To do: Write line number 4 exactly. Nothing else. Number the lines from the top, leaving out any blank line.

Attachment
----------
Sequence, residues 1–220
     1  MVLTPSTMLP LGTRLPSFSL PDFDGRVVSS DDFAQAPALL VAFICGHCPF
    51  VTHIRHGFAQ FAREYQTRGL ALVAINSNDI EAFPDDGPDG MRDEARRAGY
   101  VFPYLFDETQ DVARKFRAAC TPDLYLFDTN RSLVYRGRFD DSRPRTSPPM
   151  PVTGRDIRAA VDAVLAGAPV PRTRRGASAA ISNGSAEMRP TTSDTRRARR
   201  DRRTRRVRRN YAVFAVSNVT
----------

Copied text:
   101  VFPYLFDETQ DVARKFRAAC TPDLYLFDTN RSLVYRGRFD DSRPRTSPPM